• Published:  October 2013 – Clarkson Potter
  • Source:  Publisher

Synopsis:  Provence, 1970 is about a singular historic moment. In the winter of that year, more or less coincidentally, the iconic culinary figures James Beard, M.F.K. Fisher, Julia Child, Richard Olney, Simone Beck, and Judith Jones found themselves together in the South of France. They cooked and ate, talked and argued, about the future of food in America, the meaning of taste, and the limits of snobbery. Without quite realizing it, they were shaping today’s tastes and culture, the way we eat now. The conversations among this group were chronicled by M.F.K. Fisher in journals and letters—some of which were later discovered by Luke Barr, her great-nephew. In Provence, 1970, he captures this seminal season, set against a stunning backdrop in cinematic scope—complete with gossip, drama, and contemporary relevance.  (publisher)

My take:  Luke Barr’s affection for his great-aunt Mary Frances Kennedy (MFK) Fisher is apparent in Provence, 1970. His narrative and anecdotes (culled from MF’s diaries and letters) of the last months of 1970 as well as the years before and after make for an interesting reading experience. The principal players have strong opinions where food and eating are concerned. I found myself in the camp of Beard, Fisher and Child. Cooking should not be intimidating or come with a purist attitude when presenting recipes for the masses. Rather, stress the importance of quality ingredients. Simplicity can be its own form of beauty. At least, that’s how I took the message.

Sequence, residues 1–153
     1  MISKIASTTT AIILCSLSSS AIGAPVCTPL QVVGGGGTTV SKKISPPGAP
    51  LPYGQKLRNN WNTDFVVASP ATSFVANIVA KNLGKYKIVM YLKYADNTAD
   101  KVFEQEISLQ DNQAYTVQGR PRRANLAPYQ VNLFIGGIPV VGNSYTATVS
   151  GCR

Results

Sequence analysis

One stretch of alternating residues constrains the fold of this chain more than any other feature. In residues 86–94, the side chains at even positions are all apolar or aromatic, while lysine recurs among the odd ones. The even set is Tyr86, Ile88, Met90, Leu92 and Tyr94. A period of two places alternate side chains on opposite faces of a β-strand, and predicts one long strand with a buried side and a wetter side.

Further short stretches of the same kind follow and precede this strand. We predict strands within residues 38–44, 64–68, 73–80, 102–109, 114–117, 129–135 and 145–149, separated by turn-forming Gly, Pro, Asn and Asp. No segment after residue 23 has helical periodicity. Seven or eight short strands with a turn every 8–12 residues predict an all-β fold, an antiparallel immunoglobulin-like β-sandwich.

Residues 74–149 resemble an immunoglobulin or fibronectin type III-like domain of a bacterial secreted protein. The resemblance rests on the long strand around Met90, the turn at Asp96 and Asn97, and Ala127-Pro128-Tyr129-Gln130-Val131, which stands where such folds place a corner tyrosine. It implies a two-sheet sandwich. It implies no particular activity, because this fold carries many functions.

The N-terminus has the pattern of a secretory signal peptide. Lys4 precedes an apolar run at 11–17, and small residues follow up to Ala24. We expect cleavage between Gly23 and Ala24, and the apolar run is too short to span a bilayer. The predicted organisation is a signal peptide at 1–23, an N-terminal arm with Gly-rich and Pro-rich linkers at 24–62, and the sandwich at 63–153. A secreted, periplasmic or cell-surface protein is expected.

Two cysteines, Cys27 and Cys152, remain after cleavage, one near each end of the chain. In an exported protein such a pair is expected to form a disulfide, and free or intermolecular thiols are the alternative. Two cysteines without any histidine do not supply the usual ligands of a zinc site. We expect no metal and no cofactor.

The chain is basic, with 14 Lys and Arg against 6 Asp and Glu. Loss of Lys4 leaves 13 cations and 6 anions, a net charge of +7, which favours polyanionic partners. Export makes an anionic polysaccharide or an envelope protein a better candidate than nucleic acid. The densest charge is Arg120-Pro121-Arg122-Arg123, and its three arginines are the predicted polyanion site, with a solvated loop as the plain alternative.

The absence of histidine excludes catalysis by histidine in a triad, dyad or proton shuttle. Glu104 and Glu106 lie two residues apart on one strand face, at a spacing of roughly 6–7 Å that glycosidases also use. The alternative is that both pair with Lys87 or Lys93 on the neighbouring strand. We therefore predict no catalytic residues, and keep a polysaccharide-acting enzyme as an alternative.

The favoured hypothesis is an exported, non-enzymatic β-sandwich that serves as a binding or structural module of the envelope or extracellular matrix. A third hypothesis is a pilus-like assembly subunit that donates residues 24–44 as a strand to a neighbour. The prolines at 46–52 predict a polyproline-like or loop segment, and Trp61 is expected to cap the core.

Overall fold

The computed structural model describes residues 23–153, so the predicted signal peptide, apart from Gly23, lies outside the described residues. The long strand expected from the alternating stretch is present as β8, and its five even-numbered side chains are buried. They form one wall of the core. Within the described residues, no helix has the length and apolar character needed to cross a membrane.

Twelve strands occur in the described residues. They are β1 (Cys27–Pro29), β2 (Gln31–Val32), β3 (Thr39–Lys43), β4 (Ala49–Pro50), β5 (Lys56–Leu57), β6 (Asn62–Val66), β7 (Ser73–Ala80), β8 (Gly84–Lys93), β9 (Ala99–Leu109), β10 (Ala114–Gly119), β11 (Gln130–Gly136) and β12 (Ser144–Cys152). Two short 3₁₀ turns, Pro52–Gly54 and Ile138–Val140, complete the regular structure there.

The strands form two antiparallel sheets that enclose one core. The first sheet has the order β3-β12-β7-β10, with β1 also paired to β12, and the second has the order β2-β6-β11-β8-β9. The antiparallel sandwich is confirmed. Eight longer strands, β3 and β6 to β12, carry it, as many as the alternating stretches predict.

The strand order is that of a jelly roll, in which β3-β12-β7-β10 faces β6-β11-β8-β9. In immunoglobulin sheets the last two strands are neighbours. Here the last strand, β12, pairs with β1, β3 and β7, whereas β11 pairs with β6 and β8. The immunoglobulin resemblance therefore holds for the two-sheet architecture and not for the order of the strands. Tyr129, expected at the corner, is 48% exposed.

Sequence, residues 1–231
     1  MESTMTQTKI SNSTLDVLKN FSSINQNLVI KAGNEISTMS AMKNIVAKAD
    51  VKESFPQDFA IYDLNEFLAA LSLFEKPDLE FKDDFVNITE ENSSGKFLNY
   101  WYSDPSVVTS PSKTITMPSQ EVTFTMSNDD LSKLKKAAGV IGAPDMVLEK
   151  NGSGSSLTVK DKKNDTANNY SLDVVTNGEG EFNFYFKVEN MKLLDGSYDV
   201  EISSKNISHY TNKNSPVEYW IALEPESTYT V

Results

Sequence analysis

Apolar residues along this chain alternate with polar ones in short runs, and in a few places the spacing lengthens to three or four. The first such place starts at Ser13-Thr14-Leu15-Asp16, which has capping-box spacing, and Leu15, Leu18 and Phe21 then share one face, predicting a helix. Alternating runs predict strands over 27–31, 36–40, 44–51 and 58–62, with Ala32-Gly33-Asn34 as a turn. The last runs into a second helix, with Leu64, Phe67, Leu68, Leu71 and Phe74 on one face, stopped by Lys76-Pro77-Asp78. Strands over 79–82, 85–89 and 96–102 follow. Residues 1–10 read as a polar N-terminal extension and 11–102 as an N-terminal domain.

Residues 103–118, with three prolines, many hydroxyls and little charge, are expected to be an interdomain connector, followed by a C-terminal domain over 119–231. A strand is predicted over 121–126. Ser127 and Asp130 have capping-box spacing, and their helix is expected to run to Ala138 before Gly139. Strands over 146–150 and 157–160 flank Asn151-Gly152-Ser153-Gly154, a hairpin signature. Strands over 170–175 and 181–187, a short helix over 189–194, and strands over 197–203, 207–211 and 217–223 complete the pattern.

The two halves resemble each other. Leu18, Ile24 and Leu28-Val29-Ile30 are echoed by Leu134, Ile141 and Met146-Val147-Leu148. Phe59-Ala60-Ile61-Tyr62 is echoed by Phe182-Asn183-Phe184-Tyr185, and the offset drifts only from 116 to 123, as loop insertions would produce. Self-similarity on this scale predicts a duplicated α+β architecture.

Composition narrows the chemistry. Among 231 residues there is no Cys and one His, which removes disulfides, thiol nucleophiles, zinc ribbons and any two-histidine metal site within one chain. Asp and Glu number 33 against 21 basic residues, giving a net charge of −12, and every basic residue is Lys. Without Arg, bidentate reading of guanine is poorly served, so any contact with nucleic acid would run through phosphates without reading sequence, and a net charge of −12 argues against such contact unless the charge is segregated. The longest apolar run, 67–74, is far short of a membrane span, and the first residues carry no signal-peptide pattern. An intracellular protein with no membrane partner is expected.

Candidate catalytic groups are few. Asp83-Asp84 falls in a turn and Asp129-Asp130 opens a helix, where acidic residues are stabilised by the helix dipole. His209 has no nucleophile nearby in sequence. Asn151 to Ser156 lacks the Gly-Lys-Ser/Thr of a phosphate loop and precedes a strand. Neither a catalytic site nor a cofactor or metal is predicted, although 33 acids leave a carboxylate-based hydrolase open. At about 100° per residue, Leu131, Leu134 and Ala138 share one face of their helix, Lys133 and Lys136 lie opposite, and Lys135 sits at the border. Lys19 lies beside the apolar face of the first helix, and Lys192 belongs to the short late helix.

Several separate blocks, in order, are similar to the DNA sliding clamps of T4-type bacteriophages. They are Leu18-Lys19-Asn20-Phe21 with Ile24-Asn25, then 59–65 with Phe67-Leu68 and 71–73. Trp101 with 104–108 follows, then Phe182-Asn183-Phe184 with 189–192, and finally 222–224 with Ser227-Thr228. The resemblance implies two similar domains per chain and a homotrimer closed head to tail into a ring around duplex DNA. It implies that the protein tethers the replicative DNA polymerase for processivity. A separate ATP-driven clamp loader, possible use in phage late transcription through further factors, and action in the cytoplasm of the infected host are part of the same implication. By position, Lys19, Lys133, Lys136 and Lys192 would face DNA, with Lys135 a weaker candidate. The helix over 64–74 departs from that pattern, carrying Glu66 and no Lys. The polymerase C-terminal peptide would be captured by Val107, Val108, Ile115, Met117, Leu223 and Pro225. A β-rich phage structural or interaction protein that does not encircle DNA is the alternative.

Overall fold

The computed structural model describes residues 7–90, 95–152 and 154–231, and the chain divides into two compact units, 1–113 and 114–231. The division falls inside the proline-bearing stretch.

Adding to the story were cooking purists who seemed to enjoy looking down their collective nose at American chefs. Their catty remarks about Fisher, Beard and Child seemed to be steeped in jealousy and self-loathing. Who knew? Not this foodie neophyte, that’s for sure.

At any rate, the late 1960s and the 1970s were times of great cultural change in the US and the world. The same could be said of the food world. Child and Beard were at the helm in showing regular people how to cook good food. And MFK Fisher wrote about eating good food. I enjoyed Provence, 1970 and think fans of cooking or any of the chefs listed, culinary students, and fans of books about eating will want to read it.